Promoting a Safety Culture at Dialysis Centers
Leslie P. Wong, MD, Cleveland Clinic nephrologist and Nephrologists Transforming Dialysis Safety member, discusses the issues concerning safety at dialysis centers and ways it can be improved.
Dialysis is lifesaving, but if not performed safely, can be life-threatening. Patients with end-stage kidney disease (ESKD) are complex and vulnerable to adverse events during their treatments, especially infections. Over the past two decades, infection-related mortality has decreased only slightly and deaths from infections in the first 90 days of dialysis are largely unchanged since 1993. Hospitalizations for infection exceed those for cardiovascular events in the dialysis population.
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Implementing a culture of safety at dialysis centers has been challenging. In 2016, the Centers for Disease Control (CDC) and American Society of Nephrology (ASN) partnered to create Nephrologists Transforming Dialysis Safety (NTDS) with the goals of improving dialysis safety and eliminating infections. Cleveland Clinic nephrologist and NTDS member Leslie P. Wong, MD, discusses the issues concerning safety at dialysis centers and ways it can be improved in an article in Seminars in Dialysis.
Throughout health care, obtaining accurate data and statistical granularity about safety is difficult and derived mainly from inpatient settings. The body of literature describing accidental deaths and errors in dialysis is limited, even though the existing data shows that safety events are common: 87% of dialysis staff in one study reported mistakes or errors occurring during treatments in the past three months. “Because dialysis is often routine, we forget that so many things can go wrong,” says Dr. Wong.
One problem measuring safety is that most errors are inconsequential and they can be random and unpredictable. Also, “the temporal relationship between errors and outcomes is not always visible. For example, if a lapse in hand hygiene during a dialysis treatment results in bacterial contamination, it may take hours for a patient to develop signs or symptoms of an infection,” says Dr. Wong.
But the absence of data shouldn’t dissuade people from focusing on safety as a priority. “Most infections are preventable if policies and procedures are followed appropriately. We need to address culture and behavior so people are accountable for their actions, avoid shortcuts, and don’t wait until an infection happens to act,” says Dr. Wong.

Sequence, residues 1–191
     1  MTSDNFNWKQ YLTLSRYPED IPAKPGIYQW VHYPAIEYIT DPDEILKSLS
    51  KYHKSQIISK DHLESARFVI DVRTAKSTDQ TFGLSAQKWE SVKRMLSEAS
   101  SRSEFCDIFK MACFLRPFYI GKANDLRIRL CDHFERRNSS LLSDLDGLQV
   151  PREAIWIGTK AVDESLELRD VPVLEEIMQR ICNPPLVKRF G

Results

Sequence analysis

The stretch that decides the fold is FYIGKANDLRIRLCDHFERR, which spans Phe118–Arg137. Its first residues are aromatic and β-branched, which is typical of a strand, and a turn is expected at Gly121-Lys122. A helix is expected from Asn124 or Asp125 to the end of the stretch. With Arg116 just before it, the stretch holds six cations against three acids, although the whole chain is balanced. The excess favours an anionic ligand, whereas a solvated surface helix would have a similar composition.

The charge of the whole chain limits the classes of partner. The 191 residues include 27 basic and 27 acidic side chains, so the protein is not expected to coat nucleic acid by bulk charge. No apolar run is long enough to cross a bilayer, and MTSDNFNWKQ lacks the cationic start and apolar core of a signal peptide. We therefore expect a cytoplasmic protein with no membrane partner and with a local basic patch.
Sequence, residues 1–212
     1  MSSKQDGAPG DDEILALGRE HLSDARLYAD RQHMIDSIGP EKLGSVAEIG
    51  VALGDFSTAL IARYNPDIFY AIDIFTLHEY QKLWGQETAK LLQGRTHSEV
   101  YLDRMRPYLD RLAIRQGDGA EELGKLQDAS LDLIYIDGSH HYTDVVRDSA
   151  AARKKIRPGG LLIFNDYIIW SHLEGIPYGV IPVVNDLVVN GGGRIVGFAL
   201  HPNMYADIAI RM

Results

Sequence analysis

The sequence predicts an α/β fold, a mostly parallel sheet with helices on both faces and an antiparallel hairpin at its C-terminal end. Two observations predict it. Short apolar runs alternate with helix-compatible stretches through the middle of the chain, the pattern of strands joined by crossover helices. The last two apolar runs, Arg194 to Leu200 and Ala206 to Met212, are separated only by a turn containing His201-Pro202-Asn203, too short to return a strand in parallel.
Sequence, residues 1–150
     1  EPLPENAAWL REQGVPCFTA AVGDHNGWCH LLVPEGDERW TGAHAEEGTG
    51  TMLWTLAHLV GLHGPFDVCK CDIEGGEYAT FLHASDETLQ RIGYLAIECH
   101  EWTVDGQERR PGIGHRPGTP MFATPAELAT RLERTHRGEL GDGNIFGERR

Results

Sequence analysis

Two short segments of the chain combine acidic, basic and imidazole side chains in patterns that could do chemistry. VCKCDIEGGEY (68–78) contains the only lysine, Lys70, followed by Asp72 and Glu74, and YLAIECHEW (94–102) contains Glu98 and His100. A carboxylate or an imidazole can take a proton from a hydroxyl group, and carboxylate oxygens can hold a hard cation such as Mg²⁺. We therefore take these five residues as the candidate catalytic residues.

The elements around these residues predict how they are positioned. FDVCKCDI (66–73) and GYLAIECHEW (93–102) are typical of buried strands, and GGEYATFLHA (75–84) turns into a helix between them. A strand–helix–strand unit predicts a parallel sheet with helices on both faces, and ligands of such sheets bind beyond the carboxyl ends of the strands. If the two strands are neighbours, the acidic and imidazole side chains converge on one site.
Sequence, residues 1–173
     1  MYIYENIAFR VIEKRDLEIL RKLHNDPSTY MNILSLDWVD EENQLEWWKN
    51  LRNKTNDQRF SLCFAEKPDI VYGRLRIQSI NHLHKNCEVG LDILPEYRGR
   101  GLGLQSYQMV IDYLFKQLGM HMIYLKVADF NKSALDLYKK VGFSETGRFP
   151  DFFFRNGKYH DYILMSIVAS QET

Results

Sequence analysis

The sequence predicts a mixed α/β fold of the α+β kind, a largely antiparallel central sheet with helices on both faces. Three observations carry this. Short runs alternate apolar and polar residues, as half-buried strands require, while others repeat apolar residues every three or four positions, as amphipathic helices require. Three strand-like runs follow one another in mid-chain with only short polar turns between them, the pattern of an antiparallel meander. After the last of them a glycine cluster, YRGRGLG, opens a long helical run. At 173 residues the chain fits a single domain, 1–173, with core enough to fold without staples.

Dr. Wong suggests the following factors as key to creating a culture of safety at dialysis centers:
Teamwork: As it is in all areas of healthcare, teamwork is critical at dialysis centers – high functioning, interconnected healthcare professionals working together to deliver safe, reliable care to patients. In a dialysis facility, multiple treatment shifts, unexpected clinical events, variability in staff expertise and differences in status contribute to uncertainty and instability in the work environment. “We need to approach safety from a systems view. Everyone – including patients – has a role to play in ensuring a safe environment,” says Dr. Wong.
Leadership: It is critical for medical directors to set the tone, direction and expectations for safety, communicate the importance of teamwork, and create structures that facilitate it. “They need to stress accountability and responsibility, encourage and support the right behaviors, and foster an open culture where people feel free to speak up.”
“Doctors have a lot of natural leadership skills but they need better training,” says Dr. Wong.
Data and Alignment: Dialysis should be a data-driven process with active surveillance and ongoing analysis of mistakes and near misses. Centers also need a quality process that everyone supports. This only occurs if nephrologists and dialysis facility management both agree on the importance of infection prevention and are able to work effectively together.
“Alignment begins with dialogue and openness about safety as a shared responsibility, and collaborative efforts between nephrologists and dialysis organizations to reinforce this idea,” says Dr. Wong.
COVID-19 has brought infection control and prevention to the forefront of healthcare, including at dialysis centers. “The protocols used to prevent coronavirus transmission are also beneficial in preventing bacterial infections. No one wants to let their guard down. It’s a lesson in how when people work together, they can improve outcomes. Infection prevention will continue to be a priority, which will help us work towards a culture of safety in dialysis,” says Dr. Wong.